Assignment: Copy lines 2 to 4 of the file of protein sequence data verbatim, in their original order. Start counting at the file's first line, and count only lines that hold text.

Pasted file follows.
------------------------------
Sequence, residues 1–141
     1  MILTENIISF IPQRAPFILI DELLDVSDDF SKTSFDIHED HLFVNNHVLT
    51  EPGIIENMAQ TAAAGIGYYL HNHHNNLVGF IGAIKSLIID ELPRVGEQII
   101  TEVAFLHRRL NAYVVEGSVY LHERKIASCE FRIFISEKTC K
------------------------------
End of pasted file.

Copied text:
     1  MILTENIISF IPQRAPFILI DELLDVSDDF SKTSFDIHED HLFVNNHVLT
    51  EPGIIENMAQ TAAAGIGYYL HNHHNNLVGF IGAIKSLIID ELPRVGEQII
   101  TEVAFLHRRL NAYVVEGSVY LHERKIASCE FRIFISEKTC K